Third you roll your occupation. Your occupation gives you skills from what I can tell. For PMT and Punching Bag I got "Job where you're shot at" (cop) and kid.

Fourth you roll your CAPTAIN.

Fifth and last you pick your skills. You get 3 skills along with the skills from your occupation. Your skills start at one level higher than their governing stat. So if you have a d12 Toughness and Berserker, Berserker gets a d20.
Martial Arts and Berserker ended up being the two strongest skills I encountered. A little too strong.
Zak stated that a character can't take Martial Arts if their Primary Power is based off toughness. For example Punching Bag couldn't take it since his power was Toughness based. Also it counts as two skills so...meh?
Berserker seems like a skill any character would take. It reduces a significant amounts of damage. But there was the stipulation that you can't use your noggin. Plus you take some penalties afterwards so...meh?

At any point during character creation you can spend a Boost to reroll a power or stat. You get one for free and circumstance can provide you with more.

And that's it for character creation! It's simple, short, sweet, and fun to boot. And I heard one person mention that it's a lot simpler than most superhero rpgs. So points for succinctness!
Now on to the game itself.

Zak pitted our heroes and villains against each other. He stated that the game isn't based around PvP. But PvP provided the simplest method to playtest everything.
Zak walked our characters through exploring a lair. The first lair was a defeated villain's hideout. The second was an alien satellite in low orbit. Our characters wondered through the rooms until we were face to face. Then initiative started!

I say started because initiative in this game is more complex than standard D&D. First the GM lists each player by Perception. Then each player goes in order from lowest Perception to highest. They state what their character is going to do, picking up the dice they'll need and holding on to it. Then everyone rolls at the same time. Then actions resolve from the highest roll to the lowest. It takes getting used to but it's exciting and keeps you on your toes.

I was the most confused by the recover mechanic. It kicks into gear when your character gets knocked out. From what I understand your Toughness level functions as your hit points. So if you have a d12 Toughness you can take 12 points of damage before getting knocked out. Once knocked out, you lose a round. The next round you start making recovery rolls. If I remember, you roll your toughness. Then whoever knocked you out rolls the damage of whatever they used to knock you out. If your recovery roll is higher than the damage roll you recover the difference in Toughness. Once you're back to positive Toughness then you're back in the action.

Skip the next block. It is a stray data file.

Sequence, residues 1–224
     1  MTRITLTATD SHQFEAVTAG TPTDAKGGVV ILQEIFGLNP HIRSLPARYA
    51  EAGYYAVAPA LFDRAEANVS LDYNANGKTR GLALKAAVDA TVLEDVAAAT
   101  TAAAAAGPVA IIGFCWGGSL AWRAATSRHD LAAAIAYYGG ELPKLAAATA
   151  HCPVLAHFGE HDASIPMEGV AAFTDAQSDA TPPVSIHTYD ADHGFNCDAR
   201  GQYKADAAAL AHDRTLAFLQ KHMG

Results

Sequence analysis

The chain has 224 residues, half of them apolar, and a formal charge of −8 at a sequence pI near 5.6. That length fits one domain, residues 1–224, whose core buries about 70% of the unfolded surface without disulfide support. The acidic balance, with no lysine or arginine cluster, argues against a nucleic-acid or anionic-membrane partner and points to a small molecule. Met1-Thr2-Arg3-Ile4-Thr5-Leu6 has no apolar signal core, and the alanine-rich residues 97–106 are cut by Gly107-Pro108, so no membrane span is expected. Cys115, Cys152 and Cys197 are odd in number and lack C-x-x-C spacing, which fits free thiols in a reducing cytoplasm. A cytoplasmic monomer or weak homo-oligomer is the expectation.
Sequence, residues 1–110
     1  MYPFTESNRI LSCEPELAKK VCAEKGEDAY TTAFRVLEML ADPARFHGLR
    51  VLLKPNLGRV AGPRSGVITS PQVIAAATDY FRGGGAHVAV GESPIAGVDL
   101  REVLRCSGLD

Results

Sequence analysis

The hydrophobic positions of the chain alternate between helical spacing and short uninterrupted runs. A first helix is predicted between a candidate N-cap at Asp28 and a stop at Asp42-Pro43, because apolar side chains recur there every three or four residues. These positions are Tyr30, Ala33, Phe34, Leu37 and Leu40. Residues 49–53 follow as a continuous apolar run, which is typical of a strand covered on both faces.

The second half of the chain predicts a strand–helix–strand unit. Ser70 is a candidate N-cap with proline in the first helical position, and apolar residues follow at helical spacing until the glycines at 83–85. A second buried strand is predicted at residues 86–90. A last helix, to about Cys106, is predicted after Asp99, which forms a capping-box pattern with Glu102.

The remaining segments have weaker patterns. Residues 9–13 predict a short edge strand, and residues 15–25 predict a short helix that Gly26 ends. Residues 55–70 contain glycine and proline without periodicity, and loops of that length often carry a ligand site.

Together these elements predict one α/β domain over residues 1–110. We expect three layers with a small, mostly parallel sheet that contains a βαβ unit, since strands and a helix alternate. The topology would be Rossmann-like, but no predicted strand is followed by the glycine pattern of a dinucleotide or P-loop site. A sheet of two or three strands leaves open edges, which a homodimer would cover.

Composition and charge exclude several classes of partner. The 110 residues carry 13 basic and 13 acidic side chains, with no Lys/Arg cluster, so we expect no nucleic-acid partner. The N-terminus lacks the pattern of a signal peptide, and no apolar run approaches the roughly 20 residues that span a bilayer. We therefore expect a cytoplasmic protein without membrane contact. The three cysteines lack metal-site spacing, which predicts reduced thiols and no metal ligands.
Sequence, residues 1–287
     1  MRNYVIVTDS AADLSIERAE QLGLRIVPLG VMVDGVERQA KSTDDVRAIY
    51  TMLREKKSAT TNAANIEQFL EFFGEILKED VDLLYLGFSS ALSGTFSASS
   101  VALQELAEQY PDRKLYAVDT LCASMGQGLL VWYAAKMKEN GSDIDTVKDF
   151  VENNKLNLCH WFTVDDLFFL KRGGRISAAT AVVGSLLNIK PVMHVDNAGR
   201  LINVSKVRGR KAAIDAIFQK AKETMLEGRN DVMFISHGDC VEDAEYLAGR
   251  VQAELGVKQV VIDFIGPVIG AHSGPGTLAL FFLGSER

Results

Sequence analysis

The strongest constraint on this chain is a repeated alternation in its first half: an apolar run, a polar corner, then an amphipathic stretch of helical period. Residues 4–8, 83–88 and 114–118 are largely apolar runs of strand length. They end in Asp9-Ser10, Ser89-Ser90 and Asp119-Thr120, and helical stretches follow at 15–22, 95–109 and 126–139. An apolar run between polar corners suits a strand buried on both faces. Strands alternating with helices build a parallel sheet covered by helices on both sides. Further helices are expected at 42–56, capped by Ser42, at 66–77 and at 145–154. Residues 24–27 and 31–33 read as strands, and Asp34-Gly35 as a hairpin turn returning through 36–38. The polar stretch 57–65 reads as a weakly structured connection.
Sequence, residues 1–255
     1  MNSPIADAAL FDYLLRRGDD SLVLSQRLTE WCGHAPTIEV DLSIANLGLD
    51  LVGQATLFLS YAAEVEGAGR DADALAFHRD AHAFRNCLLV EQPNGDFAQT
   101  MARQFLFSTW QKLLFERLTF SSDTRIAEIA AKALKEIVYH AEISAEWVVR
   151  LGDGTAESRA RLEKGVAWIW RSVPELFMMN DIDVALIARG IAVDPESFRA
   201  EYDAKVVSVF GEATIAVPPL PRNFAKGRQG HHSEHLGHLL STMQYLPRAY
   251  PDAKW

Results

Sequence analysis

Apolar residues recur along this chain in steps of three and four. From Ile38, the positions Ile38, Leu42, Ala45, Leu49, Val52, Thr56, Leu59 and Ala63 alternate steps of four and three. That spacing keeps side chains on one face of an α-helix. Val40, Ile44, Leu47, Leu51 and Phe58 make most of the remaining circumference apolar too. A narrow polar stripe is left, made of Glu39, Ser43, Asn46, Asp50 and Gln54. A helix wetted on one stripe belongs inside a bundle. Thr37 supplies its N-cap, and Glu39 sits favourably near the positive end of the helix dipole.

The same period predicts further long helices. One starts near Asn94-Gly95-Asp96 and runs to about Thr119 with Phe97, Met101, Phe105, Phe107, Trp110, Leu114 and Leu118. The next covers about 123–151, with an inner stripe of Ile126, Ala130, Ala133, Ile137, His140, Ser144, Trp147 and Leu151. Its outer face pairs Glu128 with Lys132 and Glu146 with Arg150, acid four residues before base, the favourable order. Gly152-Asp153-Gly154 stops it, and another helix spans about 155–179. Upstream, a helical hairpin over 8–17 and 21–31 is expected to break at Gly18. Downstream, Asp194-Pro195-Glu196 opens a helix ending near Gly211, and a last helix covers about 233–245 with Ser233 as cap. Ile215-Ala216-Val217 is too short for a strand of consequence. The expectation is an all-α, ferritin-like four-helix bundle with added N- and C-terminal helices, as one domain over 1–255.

That's it for my commentary. My final verdict is that this game looks solid. I love the character creation and the combat. I can't wait to see what a campaign would look like.

Fighting Punching Bag is a lot like this

Saturday, October 13, 2018

OSR Guide for the Perplexed Questionnaire

1. One article or blog entry that exemplifies the best of the Old School Renaissance for me:
James Maliszewski's Old School Dungeon Design Guidelines encapsulates the best principles of the OSR.

2. My favorite piece of OSR wisdom/advice/snark:
"A dungeon you explore once is not a dungeon."

3. Best OSR module/supplement:
This is a toss-up between what I want and what I know.
I want to say Hubris is the best OSR module because it exemplifies everything I want from a setting book in the best way possible.
But from experience I have to say Hot Springs Island. It's a thick read and it lacks quick statistics, but it is the best playground I've run for my players in a long time.

4. My favorite house rule (by someone else):
My friend Nathan has an old d6 that's chipped, making it a d7. He calls it his paradox die. Once per session a player could roll this paradox die. If they did and it landed on its seventh face some weird shit would happen next session. This has resulted in Spock and company beaming down right in front of our characters and parlaying with actual Cthulhu monsters.

5. How I found out about the OSR:
It was 2014 or 2015 and I was running 5E at my friend's comic book shop. A codger walked in with his wife. They were looking for a gift for his birthday. They saw us playing D&D and I invited them to come back next week and roll up a character. They came back and they brought a treasure trove of old school books with them. I was entranced and asked if the codger (the above-mentioned Nathan) would run a game for us. He obliged and I've been trapped ever since.

6. My favorite OSR online resource/toy:
I'm not sure if these count. But Discord and GIMP are my go to tools for running games these days.

7. Best place to talk to other OSR gamers:
The heaving throes of G+.

8. Other places I might be found hanging out talking games:
I'm on Discord. Feel free to friend me (Mcgee#3580).

9. My awesome, pithy OSR take nobody appreciates enough:
If you think OSR is a ruleset you have no idea what you're talking about.

10. My favorite non-OSR RPG:
It has a shit online presence but I still like playing 5E. Also I would like to give 13th Age a run.

11. Why I like OSR stuff:
It has character. It has avoided the soul sucking proboscises of big business.

12. Two other cool OSR things you should know about that I haven't named yet:
Library of Attnam is underrated and if you think I'm wrong you should read his posts about druids.
Remixes and Revelations is also underrated and he is the only glogger that gets it.

13. If I could read but one other RPG blog but my own it would be:
The easy answer is Jeff's Gameblog. 
But I would lock myself in a room with Fists of Cinder and Stone.

14. A game thing I made that I like quite a lot is:
Everyone likes the Time Wizard but it's shit.
I'm fond of my quick and dirty car rules.

15. I'm currently running/playing:
Right now I'm running Hot Springs Island as a part of a larger wavecrawl.